As I say, I’m reading the policies now, but… It is important to be very clear — agencies were absolutely not banned from using cookies. They had been banned from using PERSISTENT cookies — cookies that can track you long term. I didn’t get a chance to read all the comments that came in — and unfortunately OMB has not kept those comments online. And I still have to read the policies, but… I have year to hear a convincing argument why agencies must have persistent cookies. Some argue that the private sector does it, but that argument is specious — the government is not the private sector. In the end, it doesn’t matter what the private sector does. (Should government follow the Facebook privacy model?)
I’m reading the new policies with an open mind, but… I’m very suspicious.
The 2010 cookie/federal Web privacy policies:
* OMB policy M-10-22: Guidance for Online Use of Web Measurement and Customization Technologies [PDF] [Scribd]
* OMB policy M-10-23: Guidance for Agency Use of Third-Party Websites and Applications [PDF] [Scribd]
How these came about…
Giving OMB credit, they tried to evolve these policies in a relatively public way. As I seem to say a lot these days, I think they could have developed it in a public way. That being said, it would be nice if the comments were still available.
Here were some of the discussion:
By federal CIO Vivek Kundra and Michael Fitzpatrick, associate administrator of OMB’s Office of Information and Regulatory Policy
In June 2000, the OMB Director issued a memorandum (M-00-13, later updated by M-03-22) that prohibited Federal agencies from using certain web-tracking technologies, primarily persistent cookies, due to privacy concerns, unless the agency head approved of these technologies because of a compelling need. That was more than nine years ago. In the ensuing time, cookies have become a staple of most commercial websites with widespread public acceptance of their use. For example, every time you use a “shopping cart” at an online store, or have a website remember customized settings and preferences, cookies are being used.
* WhiteHouse.gov blog post: Enhancing Online Citizen Participation Through Policy [June 16, 2009]
By Kundra and Fitzpatrick
Last week, Vivek Kundra and Katie Stanton talked about the efforts underway to introduce more Web 2.0 technologies to the federal government sites and to open more back-and-forth communication between the American people and the government. Some of this naturally requires the adoption of new approaches and innovative technologies. But another big part of this is updating existing practices and how these tools can be used to break down barriers to communication and information.
We continue to ask for your feedback, but the best feedback is informed feedback. So what follows is background on current policies and some examples of what we’ve heard from you during the Brainstorming phase of our outreach.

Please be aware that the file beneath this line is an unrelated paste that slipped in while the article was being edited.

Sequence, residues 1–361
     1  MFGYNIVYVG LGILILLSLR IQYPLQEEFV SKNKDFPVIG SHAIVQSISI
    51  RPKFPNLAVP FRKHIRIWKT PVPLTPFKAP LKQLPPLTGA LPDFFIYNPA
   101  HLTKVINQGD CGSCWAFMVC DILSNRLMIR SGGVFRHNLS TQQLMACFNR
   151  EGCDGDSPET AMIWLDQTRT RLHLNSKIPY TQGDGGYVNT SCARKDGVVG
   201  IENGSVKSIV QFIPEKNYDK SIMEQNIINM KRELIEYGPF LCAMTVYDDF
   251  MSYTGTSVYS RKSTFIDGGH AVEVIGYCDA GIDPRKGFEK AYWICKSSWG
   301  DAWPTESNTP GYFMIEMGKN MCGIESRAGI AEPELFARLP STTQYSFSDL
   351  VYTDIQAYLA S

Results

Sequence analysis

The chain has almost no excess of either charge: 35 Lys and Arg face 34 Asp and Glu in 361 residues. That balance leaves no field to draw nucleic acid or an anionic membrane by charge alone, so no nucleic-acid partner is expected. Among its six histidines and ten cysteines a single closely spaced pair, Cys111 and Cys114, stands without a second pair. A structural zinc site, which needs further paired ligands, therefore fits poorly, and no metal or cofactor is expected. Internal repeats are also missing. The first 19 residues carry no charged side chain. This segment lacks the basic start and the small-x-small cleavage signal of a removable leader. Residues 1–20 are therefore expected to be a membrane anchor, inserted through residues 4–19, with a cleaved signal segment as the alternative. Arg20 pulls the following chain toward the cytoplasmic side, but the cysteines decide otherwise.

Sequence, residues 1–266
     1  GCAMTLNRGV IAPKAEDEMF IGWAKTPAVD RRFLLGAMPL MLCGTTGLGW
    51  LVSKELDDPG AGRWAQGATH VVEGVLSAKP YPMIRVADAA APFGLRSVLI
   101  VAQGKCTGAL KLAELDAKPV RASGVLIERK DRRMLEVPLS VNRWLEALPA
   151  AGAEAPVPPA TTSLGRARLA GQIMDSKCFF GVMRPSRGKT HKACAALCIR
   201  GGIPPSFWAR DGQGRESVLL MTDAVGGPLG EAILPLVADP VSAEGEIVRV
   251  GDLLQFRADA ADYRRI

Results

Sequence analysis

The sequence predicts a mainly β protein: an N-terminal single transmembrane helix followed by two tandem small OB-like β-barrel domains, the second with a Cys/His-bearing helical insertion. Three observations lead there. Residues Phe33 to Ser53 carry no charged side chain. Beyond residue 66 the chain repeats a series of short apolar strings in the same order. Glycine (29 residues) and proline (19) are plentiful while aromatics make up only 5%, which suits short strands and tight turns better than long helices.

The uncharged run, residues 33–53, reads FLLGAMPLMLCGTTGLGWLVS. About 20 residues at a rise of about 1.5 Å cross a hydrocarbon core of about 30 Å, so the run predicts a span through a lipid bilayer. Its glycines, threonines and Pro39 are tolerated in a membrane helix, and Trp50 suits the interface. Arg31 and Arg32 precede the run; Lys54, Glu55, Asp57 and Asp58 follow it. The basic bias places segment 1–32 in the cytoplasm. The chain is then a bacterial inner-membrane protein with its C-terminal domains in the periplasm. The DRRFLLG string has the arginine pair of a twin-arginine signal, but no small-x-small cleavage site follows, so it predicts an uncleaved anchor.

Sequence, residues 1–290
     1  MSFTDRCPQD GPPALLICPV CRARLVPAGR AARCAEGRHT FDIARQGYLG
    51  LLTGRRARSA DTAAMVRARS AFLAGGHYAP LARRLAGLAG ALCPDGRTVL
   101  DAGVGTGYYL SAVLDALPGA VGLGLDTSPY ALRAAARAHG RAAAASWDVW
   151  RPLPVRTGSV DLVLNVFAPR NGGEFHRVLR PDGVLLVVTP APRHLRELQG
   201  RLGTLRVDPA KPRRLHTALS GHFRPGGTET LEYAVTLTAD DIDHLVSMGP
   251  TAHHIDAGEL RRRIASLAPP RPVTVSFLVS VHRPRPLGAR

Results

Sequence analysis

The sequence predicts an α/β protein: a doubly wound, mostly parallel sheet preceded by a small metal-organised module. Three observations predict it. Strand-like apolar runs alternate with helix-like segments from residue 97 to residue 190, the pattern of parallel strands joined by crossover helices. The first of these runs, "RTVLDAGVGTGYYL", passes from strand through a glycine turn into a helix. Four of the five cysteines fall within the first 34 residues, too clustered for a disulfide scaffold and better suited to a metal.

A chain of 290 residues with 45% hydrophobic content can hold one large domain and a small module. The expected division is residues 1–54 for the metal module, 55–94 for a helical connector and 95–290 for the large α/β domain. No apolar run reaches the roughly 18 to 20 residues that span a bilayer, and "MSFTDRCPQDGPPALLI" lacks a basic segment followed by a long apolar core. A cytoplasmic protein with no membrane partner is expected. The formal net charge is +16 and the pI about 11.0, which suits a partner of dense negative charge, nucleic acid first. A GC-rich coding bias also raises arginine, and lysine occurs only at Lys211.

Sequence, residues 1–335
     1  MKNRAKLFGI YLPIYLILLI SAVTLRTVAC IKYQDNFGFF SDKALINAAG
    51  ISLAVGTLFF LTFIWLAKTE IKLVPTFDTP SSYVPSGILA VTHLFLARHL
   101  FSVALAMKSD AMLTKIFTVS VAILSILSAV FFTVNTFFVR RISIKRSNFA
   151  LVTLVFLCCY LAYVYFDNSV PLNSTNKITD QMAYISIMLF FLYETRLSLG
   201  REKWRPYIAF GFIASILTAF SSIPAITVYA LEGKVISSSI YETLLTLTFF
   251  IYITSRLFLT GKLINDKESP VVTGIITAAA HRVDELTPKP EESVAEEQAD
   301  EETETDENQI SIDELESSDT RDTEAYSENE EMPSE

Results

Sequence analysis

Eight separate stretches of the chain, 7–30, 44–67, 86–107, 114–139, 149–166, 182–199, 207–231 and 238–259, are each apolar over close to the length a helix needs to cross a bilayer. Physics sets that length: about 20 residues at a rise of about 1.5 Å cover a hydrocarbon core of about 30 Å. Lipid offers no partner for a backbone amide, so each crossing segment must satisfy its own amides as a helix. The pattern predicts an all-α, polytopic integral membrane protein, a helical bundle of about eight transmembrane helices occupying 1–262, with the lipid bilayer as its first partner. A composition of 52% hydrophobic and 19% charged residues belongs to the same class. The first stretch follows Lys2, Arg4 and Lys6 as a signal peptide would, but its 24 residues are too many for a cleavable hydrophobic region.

Here is the specific section on cookies:
* WhiteHouse.gov blog: Cookies Anyone (the http kind)? [July 24, 2009]
By Bev Godwin, who was on assignment to the White House at the time. She is currently GSA’s Director of USA.gov and the Office of Citizen Service’s Web Best Practices Office
Nine years ago – a lifetime in Internet time – the Office of Management and Budget (OMB) issued a policy commonly referred to as “the cookies policy. “This policy prohibited federal agencies from using certain web-tracking technologies, primarily persistent cookies, unless the agency head provided a waiver. This may sound like arcane, boring policy – but it is really important in the online world.
Unfortunately in this post, Godwin points to a site where people could post comments — http://blog.ostp.gov/2009/07/24/cookiepolicy. Unfortunately that page doesn’t seem to exist. It would be great to see the comments now.content is important to our citizens. We can use that data to improve the content and navigation of our sites.”
* WhiteHouse.gov blog post: On Cookies [August 11, 2009]
By Kundra and Fitzpatrick
Our main goal in revisiting the ban on using persistent cookies on Federal websites is to bring the federal government into the 21st century. Consistent with this Administration’s commitment to making government more open and participatory, we want federal agencies to be able to provide the same user- friendly, dynamic, and citizen-centric websites that people have grown accustomed to using when they shop or get news online or communicate through social media networks, while also protecting people’s privacy.
It is clear that protecting the privacy of citizens who visit government websites must be one of the top considerations in any new policy. This is why we’ve taken such a cautious approach going forward and why we felt it so important to get feedback and hear from people on this. While we wanted to get people’s ideas for improving our policy, we also needed to hear any concerns so that we could understand better where potential pitfalls might lie.
Going back a decade… some of the discussion that led to the persistent cookie ban.
[The CIO Council] strongly support the requirement that the use of any technology, including persistent cookies, to track the activities of users on web sites be approved personally by the head of the executive department (for the 14 executive departments) or agency.
As we make progress towards electronic government, personalization of web sites, typically done through persistent cookies, may become necessary in order to serve our customer’s requirements. At that time, it would be appropriate for OMB to review the “no delegation” policy in light of the then-current “state-of-the-art” in privacy protections. For example, OMB may decide to relax this policy when customers are given a choice of selecting either a personalized (i.e., with persistent cookie) or non-personalized (no persistent cookie) web experience.